The entire cast of the trilogy had to wear wigs to put on the likeness of the character they were portraying. The only exception to that rule was Peter Jackson’s son, Billy.
The boy was just a toddler at the time and was filmed listening to Bilbo Baggins’ story at his birthday party. Wide-eyed and full of awe, the little kid’s natural hair was as hobbity as can be.
Break a Leg
Remember when Aragorn kicks the helmet after realizing what happened to Merry and Pippin? Remember the pain in his voice when he shouted in frustration? Chills. Well, apparently, the pain wasn't just a display of brilliant acting.
When kicking the helmet, Viggo Mortensen broke two of his toes and channeled his pain through it, which made the final cut. Only after cutting, director Peter Jackson realized the pain was real. Mortensen, however, was much more impressed by the stunt crew, who kept performing with injuries worse than his.
Little Dwarf, Big Tree
John Rhys-Davies played, Gimli the dwarf, aka the shortest character in Tolkein's trilogy. But he also lent his voice to a literal tree. Treebeard, in case you need a little memory jog, was the oldest of the ents — a Middle Earth species that is, in essence, a walking, talking tree.
Curiously enough, the actor didn't need any digital intervention to achieve Treebird's low vocals — he simply spoke through a wooden megaphone using his lowest possible register.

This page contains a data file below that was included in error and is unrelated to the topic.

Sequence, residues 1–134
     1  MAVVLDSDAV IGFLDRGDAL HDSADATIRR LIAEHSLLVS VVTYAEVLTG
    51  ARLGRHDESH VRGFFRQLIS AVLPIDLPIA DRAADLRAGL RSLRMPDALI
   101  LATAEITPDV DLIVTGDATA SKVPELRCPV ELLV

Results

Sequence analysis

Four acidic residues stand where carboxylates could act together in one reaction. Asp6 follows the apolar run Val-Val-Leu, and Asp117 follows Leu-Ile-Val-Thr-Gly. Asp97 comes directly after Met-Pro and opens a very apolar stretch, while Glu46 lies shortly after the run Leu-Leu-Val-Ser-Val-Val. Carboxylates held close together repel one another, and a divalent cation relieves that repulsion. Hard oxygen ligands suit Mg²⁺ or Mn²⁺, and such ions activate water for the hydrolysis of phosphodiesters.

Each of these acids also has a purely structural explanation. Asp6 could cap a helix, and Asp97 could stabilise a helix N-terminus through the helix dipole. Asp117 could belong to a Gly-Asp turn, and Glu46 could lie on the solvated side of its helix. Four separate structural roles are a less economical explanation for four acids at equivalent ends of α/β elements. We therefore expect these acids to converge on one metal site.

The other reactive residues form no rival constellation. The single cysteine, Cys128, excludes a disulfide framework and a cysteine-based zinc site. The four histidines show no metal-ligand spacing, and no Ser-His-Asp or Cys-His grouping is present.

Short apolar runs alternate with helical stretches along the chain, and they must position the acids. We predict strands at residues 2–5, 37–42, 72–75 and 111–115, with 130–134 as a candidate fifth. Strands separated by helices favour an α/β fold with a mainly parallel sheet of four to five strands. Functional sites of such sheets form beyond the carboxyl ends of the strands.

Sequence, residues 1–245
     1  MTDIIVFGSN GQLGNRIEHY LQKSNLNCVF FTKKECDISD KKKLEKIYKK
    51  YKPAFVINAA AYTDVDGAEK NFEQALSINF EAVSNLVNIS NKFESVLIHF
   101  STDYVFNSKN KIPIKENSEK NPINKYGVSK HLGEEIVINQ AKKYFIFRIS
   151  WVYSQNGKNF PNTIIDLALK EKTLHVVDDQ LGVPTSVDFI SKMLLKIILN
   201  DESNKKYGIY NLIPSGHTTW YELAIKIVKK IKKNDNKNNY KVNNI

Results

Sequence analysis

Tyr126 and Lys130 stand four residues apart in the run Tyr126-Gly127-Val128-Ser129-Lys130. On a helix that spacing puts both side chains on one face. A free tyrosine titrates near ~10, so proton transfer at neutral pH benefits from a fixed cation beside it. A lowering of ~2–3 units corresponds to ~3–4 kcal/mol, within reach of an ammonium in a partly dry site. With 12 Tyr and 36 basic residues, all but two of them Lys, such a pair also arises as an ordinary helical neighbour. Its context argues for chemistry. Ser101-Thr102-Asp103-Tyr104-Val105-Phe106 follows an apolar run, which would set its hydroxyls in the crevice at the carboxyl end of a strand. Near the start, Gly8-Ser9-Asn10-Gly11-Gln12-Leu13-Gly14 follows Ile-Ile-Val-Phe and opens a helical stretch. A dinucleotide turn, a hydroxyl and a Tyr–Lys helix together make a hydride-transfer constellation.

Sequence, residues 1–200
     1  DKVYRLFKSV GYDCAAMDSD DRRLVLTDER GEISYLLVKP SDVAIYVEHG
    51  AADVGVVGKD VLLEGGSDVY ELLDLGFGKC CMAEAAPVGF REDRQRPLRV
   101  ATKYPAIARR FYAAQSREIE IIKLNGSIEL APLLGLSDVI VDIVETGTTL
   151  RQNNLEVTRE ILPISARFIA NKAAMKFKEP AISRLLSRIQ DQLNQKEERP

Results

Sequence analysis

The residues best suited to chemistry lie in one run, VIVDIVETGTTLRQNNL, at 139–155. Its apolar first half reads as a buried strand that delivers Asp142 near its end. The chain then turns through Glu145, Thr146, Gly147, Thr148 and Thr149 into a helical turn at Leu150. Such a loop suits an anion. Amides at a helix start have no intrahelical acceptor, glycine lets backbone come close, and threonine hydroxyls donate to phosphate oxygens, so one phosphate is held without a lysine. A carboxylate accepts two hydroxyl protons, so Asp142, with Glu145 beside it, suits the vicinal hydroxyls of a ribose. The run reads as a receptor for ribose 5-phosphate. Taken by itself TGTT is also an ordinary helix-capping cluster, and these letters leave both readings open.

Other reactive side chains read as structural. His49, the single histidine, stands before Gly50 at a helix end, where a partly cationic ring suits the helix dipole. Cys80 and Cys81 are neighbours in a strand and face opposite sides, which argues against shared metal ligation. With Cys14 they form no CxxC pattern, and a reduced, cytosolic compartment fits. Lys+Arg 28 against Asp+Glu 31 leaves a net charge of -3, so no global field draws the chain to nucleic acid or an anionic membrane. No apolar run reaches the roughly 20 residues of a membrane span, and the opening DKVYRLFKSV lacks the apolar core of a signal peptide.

A film with so many stunts and battle scenes is bound to have its fair share of injured performers. One scene actually had all-injured performers powering through it.
The performers in question were Orlando Bloom (Legolas), Viggo Mortensen (Aragorn), and Brett Beattie (who did the stunts for Gimli). The scene shows them chasing the Orcs, and doing so with broken ribs (Bloom fell off a horse), toes (Mortensen broke a couple kicking a helmet), and a knee injury (Beattie). According to Peter Jackson, the guys yelled in pain only after the scene was cut. Now that's what we call dedication.
Taking a Bow
For some reason, the scene at the end of "The Return of the King," when Aragorn bows down in respect for the hobbits, didn't require the physical presence of Viggo Mortensen on set. (Cinema magic. Don't ask us how.) The actor, however, came in nonetheless.
And even though he didn't have his character's crown, he made a paper crown. Cast members kept decorating and adding to that crown in between takes, which resulted in extremely giggly actors fighting to keep their composure with each successive shot.